I’m setting myself back by taking some time off from riding while I’m traveling, but I hope to get back to it as soon as I return! Bring on the burn!
After having so much time away from competing and riding with real goals, it’s hard not to sign up for all the things now that I have a going horse. Especially when said horse will (presumably) benefit from getting exposed to more and more venues. Finding a balance has been a little difficult, and as I mentioned yesterday, I imagine Jack will greatly appreciate a couple weeks off to just get lightly worked and pampered.
November tends to be the end of the season around here, though I may be able to squeak in a dressage show or XC schooling come December. We’ll do one more horse trials at the Carolina Horse Park in a month, and then I’ve signed up for a clinic with Boyd Martin after Thanksgiving. That in itself should be a pretty big cherry on top after an eventful year!
There’s been a bit of a lull on the blog of late because I’ve been so. damn. busy. But hopefully this week will mark a return back to normal posting!!
Jack has been a busy boy recently… each week we have been both a dressage and a jump lesson (that we trailer out for), sprinkling in massage and chiro appointments to keep him comfortable. But still, going from light work to being in a program like that takes some getting used to. The golden boy has changed so much physically that the saddles I got fit to him upon purchase in June no longer are a perfect fit. This plus other things have made him a little sore, so while I’m off to Fair Hill this week he’s going to get some down time. And a reflocked saddle. And a shoulder relief girth. Seriously, the things we do for horses.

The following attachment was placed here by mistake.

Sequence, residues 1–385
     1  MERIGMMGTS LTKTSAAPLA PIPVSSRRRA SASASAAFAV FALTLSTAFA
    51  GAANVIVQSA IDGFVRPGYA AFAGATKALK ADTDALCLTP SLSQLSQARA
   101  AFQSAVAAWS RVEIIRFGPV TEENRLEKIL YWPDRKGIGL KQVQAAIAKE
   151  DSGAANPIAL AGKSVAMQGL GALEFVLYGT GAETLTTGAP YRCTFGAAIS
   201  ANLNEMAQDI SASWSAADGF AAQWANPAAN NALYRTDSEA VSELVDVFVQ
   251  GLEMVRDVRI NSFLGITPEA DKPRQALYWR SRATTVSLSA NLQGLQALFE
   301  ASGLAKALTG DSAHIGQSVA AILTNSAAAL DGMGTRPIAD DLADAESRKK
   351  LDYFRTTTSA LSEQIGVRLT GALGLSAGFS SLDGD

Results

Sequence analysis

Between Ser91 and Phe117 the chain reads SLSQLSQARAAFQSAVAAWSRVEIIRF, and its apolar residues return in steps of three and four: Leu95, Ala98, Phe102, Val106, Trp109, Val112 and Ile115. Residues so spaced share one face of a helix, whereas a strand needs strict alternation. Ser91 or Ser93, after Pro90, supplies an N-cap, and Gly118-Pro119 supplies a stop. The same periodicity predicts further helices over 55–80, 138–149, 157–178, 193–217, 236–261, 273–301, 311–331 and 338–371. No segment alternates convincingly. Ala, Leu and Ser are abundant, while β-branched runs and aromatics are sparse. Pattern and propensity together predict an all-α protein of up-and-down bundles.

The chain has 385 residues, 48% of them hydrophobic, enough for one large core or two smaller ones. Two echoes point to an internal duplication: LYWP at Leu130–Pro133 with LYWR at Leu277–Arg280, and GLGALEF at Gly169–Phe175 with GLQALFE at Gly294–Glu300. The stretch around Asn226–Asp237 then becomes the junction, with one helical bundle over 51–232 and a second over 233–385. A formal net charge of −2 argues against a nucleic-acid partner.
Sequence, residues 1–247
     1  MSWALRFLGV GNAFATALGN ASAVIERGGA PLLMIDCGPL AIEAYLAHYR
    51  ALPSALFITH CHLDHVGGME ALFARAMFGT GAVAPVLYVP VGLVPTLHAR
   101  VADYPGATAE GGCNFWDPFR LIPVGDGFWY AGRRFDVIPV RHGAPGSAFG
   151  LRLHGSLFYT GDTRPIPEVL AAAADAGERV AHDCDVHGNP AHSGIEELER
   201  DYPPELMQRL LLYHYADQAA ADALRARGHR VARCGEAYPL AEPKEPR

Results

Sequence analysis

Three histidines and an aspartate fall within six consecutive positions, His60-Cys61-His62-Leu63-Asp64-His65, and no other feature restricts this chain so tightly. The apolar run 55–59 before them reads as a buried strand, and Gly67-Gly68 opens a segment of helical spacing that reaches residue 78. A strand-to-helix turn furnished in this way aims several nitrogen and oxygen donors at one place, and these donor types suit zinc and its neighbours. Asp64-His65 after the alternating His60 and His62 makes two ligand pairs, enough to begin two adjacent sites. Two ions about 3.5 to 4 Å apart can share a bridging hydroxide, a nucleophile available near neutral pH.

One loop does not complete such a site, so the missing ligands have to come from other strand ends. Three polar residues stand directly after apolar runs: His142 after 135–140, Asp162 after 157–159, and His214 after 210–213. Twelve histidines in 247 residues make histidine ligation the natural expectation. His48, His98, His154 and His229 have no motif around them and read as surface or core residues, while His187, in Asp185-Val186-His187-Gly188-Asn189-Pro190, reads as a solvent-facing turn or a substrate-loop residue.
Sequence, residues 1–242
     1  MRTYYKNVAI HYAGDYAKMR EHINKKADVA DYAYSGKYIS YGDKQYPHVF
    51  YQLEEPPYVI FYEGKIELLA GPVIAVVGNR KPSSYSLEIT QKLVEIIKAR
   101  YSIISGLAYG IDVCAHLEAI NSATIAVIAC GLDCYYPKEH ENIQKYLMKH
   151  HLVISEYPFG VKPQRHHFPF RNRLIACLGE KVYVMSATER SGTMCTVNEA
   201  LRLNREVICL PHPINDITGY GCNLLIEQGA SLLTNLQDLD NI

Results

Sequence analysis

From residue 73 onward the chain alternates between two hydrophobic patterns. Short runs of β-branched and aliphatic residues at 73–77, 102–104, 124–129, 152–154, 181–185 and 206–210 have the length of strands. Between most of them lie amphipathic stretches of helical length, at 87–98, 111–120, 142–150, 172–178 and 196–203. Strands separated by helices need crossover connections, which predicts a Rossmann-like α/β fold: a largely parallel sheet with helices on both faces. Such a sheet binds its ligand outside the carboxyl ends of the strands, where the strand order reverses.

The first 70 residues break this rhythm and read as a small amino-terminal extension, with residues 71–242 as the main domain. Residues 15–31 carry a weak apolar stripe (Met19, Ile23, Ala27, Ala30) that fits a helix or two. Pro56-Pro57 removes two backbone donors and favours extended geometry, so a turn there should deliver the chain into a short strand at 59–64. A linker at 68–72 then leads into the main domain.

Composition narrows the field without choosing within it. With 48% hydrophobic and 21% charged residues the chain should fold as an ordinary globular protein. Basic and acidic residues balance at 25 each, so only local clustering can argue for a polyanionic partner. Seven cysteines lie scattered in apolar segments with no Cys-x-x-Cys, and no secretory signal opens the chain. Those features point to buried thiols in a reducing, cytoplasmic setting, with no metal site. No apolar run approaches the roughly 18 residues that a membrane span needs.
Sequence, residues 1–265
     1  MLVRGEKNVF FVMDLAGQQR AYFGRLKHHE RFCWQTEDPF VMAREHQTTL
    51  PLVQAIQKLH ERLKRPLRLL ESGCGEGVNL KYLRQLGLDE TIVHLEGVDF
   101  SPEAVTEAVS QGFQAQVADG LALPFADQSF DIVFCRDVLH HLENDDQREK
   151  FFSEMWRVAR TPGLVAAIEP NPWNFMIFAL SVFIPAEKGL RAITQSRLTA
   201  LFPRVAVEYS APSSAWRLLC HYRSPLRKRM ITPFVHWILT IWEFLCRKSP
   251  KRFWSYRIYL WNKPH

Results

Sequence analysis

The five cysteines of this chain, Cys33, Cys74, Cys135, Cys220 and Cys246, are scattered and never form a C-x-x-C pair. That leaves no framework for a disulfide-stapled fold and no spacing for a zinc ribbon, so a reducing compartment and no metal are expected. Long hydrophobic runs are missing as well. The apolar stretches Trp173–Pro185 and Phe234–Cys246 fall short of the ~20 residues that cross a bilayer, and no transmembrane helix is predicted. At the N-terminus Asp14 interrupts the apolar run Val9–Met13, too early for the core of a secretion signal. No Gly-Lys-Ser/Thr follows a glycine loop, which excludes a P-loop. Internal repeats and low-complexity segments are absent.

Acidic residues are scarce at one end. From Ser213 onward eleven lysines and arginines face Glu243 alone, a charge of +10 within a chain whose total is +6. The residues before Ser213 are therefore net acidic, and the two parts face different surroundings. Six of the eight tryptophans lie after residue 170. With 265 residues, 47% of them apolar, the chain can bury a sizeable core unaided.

One of the fun habits Jack has picked up that has specifically shown me where he’s sore is shoving. Like craning his neck to wherever you are, putting his nose into you, and pushing you with that big noggin of his. While not so charming (and I have been consistently telling him this, to no avail), it has been helpful (silver lining?) in indicating to me exactly his likes and dislikes. Things that will earn you a shove include putting the saddle on, pressing on anywhere sore (i.e, his back), bath time, and tying him in the trailer. Some of this I am attempting to remedy the situation, other times I am forced to tell him how expressing his opinions that way is going to be rewarded with my own opinions- and he isn’t going to like it. We’re still working on communicating with each other, and hopefully after his couple weeks off will instill a better attitude in him.
Meanwhile, Fair Hill. I’m heading up north Wednesday to support a friend in her Young Event Horse competition, and staying through the 3*** and beyond. My plan is to do some photo shoots while I’m in the area, and I can’t wait to see actual sweater weather and all the fall colors. I would love to connect with any other bloggers out there too, so please let me know if we can meet up!
Saturday, Jack and I (with the help of our amazing friend C) headed out to do a quick Combined Training event in Southern Pines. The goal was to get a little more exposure and get a confidence building round. Essentially we were to do our dressage test, go back to the trailer for a tack change, jump, and head home again.
Jack’s dressage test was okay. The next time I take him out I’ll be adding spurs, because I feel as though his tension translates into getting behind my leg, and I definitely was not able to be nearly as quiet as I am at home. Still, the judge liked him well enough, giving him an 8 on the following movements, as well as his gaits:
- Trot circle right
- Change rein KXM
- Trot circle left
- Change rein HXF